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Pentagon civilian counsel urged military lawyers to sign letters backing Bush bill: NYT

[JURIST] Top US military lawyers signed two letters [PDF text] sent to Congress earlier this week supporting President Bush's proposed legislation [PDF text] on military commissions [JURIST news archive] after being urged to do so by the Pentagon's politically-appointed top civilian counsel, the New York Times reported Saturday. Members of the Judge Advocate General's Corps [Wikipedia backgrounder] signed the letters Wednesday addressed to Rep. Duncan Hunter (R-CA) [official website] and Sen. John Warner (R-VA) [official website], the respective chairs of the House and Senate Armed Services Committees. Department of Defense General Counsel William J. Haynes II [official profile], nominated to the post by Bush in early 2001, called the meeting of the military lawyers, who after what the Times calls "hours of negotiation" eventually agreed to endorse part, but not all, of the president's proposal. The specific parts of the bill the military lawyers said they had no objection to and even found "helpful" related to prisoners' rights under Common Article 3 of the Geneva Conventions [ICRC materials] and the definition of crimes under the War Crimes Act [text]. The Bush administration circulated the letters from the Judge Advocates General Thursday morning.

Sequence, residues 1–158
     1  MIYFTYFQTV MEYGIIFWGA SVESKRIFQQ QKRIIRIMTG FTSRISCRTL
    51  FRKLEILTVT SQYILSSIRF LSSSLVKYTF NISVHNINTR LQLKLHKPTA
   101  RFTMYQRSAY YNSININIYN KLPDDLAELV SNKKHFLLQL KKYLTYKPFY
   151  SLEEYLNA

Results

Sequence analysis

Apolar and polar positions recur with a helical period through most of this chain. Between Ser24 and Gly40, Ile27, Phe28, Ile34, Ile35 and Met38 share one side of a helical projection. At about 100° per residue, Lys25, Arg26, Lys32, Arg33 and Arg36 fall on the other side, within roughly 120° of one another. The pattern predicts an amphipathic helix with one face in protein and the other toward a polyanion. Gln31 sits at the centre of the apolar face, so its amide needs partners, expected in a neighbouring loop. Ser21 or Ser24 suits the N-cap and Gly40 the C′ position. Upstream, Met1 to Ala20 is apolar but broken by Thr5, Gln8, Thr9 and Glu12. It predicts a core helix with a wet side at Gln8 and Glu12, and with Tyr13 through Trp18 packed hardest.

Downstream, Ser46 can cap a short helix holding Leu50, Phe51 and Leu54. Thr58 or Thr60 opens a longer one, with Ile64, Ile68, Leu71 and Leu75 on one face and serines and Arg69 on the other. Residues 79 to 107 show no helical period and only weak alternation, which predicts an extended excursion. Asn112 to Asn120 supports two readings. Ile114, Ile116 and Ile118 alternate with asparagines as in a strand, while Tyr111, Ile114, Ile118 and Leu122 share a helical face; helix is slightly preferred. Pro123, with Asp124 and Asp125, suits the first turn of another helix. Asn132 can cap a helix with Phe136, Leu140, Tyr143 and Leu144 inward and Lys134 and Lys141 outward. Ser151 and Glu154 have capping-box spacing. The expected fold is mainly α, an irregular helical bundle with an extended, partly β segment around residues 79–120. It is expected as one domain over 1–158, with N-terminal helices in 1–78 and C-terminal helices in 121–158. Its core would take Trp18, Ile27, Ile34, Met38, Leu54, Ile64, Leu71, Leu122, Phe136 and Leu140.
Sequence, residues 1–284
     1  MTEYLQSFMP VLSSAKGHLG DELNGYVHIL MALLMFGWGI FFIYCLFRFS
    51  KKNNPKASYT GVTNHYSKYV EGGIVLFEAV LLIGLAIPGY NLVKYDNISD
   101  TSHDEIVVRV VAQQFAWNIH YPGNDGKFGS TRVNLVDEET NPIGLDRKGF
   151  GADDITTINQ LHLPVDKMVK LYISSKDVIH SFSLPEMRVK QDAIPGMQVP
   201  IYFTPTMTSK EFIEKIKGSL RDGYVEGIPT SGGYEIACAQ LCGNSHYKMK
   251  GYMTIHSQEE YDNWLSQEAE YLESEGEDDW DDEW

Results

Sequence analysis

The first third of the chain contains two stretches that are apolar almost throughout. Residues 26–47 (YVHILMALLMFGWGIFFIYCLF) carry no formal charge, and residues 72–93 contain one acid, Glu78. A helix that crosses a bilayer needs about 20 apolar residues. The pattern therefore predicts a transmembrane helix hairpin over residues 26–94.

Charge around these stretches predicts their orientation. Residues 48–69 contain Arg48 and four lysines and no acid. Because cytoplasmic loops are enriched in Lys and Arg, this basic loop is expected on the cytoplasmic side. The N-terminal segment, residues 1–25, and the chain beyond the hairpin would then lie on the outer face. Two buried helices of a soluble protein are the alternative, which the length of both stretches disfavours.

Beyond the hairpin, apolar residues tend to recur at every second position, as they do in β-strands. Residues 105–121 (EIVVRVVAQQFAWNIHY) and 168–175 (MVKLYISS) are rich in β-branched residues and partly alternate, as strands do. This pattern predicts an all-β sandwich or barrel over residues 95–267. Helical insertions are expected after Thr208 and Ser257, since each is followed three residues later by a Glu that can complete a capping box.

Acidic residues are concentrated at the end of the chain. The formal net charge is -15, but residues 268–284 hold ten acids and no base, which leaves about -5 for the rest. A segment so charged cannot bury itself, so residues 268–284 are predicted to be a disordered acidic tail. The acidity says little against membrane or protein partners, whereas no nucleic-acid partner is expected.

The letter apparently did not sway members of the Senate Armed Services Committee who subsequently voted [JURIST report] 15-9 Thursday to send their own bill [PDF text] on military commissions, which differs from the administration's legislation, to the full Senate for approval. Some Republican Senators opposed to the Bush administration plan said the military lawyers may have been coerced into signing the letter, although Deputy Air Force JAG Maj. Gen. Charles J. Dunlap Jr. denied the allegation. The New York Times has more.

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